Easy.We’ll make a BindingListener class with one generic DependencyProperty of type Object and bind that to the Command DP of ETC.This way when ETC.Command changes that surrogate is gonna notify us so we know to replace the command.The binding surrogate is not at all new btw.It’s probably as old as Silverlight.
Hmm.Sounds good but will that work? Of course it will.Would i be making this post if it didnt? 😛

Lets start one by one.The BindingListener :

///
<summary> /// Helper class to be able to listen for DependencyProperty Changes (for example Visibility)
/// </summary>
public class BindingListener : DependencyObject
{
	private readonly Action<Object, Object> valueChangedCallback;

	public BindingListener(Action<Object,Object> valueChangedCallback)
	{
		if (valueChangedCallback == null)
			throw new ArgumentNullException("valueChangedCallback");
		this.valueChangedCallback = valueChangedCallback;
	}

	public object Value
	{
		get { return (object)GetValue(ValueProperty); }
		set { SetValue(ValueProperty, value); }
	}
	public static readonly DependencyProperty ValueProperty =
		DependencyProperty.Register("Value", typeof(object), typeof(BindingListener), new PropertyMetadata(null, OnValuePropertyChanged));

	private static void OnValuePropertyChanged(DependencyObject d, DependencyPropertyChangedEventArgs e)
	{
		var source = d as BindingListener;
		if (source != null)
		{
			if (!source.valueChangingBecauseOfUnbind)
			{
				source.valueChangedCallback(e.OldValue, e.NewValue);
			}
		}
	}

	public void Bind(Object source, String sourceProperty)
	{
		var binding = new System.Windows.Data.Binding(sourceProperty);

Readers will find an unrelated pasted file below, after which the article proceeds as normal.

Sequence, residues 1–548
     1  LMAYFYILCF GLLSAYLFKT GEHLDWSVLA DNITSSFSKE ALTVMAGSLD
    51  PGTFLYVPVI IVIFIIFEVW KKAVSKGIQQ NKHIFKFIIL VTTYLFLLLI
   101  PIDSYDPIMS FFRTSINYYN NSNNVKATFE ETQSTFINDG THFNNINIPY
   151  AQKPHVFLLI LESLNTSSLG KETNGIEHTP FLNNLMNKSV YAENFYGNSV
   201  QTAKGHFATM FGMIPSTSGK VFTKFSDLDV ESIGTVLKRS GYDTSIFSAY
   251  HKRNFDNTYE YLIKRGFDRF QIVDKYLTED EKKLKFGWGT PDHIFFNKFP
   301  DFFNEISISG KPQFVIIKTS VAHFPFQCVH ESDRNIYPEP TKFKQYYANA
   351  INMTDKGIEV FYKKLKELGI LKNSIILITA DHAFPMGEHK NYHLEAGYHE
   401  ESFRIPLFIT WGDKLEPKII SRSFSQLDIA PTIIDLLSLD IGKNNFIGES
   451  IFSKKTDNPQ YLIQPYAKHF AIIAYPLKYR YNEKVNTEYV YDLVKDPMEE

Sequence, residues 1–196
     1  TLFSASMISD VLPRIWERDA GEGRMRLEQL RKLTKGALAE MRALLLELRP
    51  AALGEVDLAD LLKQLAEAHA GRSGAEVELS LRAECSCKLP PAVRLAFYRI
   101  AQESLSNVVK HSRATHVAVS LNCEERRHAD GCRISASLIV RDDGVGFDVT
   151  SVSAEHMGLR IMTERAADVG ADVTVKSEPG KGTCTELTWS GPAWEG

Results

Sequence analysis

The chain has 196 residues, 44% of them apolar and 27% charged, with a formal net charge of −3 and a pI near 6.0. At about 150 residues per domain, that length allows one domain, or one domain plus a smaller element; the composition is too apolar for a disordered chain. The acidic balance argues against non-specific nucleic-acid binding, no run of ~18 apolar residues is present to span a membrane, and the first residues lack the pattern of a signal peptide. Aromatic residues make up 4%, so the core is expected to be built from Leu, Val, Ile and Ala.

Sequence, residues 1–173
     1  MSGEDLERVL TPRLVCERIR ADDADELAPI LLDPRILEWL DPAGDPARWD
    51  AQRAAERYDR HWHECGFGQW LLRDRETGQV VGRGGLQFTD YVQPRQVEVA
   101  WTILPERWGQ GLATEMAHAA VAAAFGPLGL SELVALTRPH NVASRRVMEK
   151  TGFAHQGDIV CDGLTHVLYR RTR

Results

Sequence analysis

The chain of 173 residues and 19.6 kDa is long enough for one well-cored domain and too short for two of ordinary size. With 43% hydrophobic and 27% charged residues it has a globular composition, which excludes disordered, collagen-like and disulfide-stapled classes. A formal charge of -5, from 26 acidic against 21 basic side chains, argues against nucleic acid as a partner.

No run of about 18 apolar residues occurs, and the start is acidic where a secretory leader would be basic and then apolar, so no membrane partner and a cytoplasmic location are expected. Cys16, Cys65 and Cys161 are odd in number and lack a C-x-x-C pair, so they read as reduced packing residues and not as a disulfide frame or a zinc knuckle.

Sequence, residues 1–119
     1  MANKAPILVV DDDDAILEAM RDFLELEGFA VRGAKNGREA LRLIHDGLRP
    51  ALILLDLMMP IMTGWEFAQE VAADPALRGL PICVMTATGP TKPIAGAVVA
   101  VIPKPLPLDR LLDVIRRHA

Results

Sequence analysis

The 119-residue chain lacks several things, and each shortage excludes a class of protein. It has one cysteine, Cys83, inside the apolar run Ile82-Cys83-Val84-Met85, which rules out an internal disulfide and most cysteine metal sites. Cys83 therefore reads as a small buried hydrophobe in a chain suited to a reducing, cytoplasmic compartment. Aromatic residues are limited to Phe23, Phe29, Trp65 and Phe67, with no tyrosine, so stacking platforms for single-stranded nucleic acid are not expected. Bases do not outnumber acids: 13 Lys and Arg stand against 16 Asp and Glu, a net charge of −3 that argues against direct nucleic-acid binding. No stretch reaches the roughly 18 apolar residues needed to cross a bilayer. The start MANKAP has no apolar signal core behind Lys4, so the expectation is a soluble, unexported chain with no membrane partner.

binding.Source = source;
		System.Windows.Data.BindingOperations.SetBinding(this, ValueProperty, binding);
	}
	private bool valueChangingBecauseOfUnbind;
	public void UnBind()
	{
		valueChangingBecauseOfUnbind = true;
		Value = null;
		valueChangingBecauseOfUnbind = false;
	}

}

Next up WeakCommand :


///
<summary> /// What it all means (Goal: WE should be able to be garbage collected) :
/// - WE hold a reference to the long living wrapped command
/// - The long living command will hold the Listener instead and NOT us therefore we can die
/// - When we die the long living command stills holds the listener so on the next event
/// he fires the listener will be removed as well.
/// </summary>
public class WeakCommand : ICommand, IDisposable
{
	private WeakEventListener<WeakCommand, Object, EventArgs> weakListener;
	private ICommand wrapped;
	public WeakCommand(ICommand wrapped)
	{
		this.wrapped = wrapped;
		weakListener = new WeakEventListener<WeakCommand, Object, EventArgs>(this);
                //Don't worry.You are not alone.It IS really tricky to understand this 😛
		weakListener.OnEventAction =
			(me, wrappedCommand, args) =>
			{
				//DON'T CLOSURE ANYTHING HERE.USE PARAMETERS ONLY
				if (me.CanExecuteChanged != null)
					me.CanExecuteChanged(wrappedCommand, args);
			};
		weakListener.OnDetachAction =
			(listener) =>
			{
				//If I die then remove the Listener instance as well from wrapped command